With mental health a top concern amongst young people, it’s encouraging to see the Welsh Liberal Democrats have made putting mental and physical health on an equal footing a priority. They too want to invest in ‘tens of thousands of new apprenticeship places’ and tie this in with enterprise by helping school and college leavers to create ‘Made in Wales’ businesses. For young people hoping to get their foot on the property ladder, the Lib Dems want to build 20,000 extra homes by 2021 and 2,500 ‘Rent to Own’ homes, where tenants can own a share of a property through rent payments. In terms of education, the Welsh Lib Dems want to limit class sizes to 25 and want to provide a ‘Student Living Support Grant’ for students studying across the UK.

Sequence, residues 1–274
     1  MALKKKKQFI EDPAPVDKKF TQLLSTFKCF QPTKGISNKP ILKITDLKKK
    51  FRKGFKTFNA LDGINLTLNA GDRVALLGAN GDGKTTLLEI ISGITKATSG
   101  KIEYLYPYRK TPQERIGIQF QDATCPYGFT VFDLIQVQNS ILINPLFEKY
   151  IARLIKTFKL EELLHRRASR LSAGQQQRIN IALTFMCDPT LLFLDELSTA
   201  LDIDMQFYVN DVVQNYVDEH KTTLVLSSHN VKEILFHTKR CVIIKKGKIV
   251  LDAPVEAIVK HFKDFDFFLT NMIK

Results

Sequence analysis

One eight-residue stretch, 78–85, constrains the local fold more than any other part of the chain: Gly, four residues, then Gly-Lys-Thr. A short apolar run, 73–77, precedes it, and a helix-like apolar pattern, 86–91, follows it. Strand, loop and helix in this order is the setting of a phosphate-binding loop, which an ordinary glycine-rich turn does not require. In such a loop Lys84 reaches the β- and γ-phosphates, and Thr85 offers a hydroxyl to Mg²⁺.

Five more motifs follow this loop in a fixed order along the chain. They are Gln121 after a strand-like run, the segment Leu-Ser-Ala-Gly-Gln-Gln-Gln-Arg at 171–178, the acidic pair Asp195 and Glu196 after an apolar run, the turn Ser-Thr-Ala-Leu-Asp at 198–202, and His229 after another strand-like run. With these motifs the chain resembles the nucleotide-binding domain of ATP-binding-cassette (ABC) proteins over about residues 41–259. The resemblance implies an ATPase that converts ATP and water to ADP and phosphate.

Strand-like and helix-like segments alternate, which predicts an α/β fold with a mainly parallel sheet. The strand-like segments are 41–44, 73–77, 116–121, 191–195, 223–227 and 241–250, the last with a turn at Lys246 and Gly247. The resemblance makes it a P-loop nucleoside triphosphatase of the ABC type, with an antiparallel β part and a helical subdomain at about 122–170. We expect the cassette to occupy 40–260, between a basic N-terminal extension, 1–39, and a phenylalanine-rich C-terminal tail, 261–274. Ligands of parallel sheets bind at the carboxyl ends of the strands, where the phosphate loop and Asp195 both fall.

The Welsh Conservatives have also made some solid promises on supporting mental health and wellbeing for young people by promising to increase the capacity for mental health services for children and young people. They are also seeking to establish a 28 day target for accessing talking therapies to both children and adults by 2021. In schools, they want to introduce modern foreign languages at primary level, and to introduce mandatory life-saving skills and public health education into the curriculum. Like Labour, they want to build more schools, but also want to explore establishing university technical colleges; institutions which would seek to bring the status of vocational qualifications to the same level as academic qualifications. On tuition fees, they want to introduce a ‘Student Rent Rebate’, in order to offer help with living costs. They also want to introduce a ‘Housing Access Bill’ to help young people get on the housing ladder by letting housing associations offer ‘Right to Buy’ options to tenants.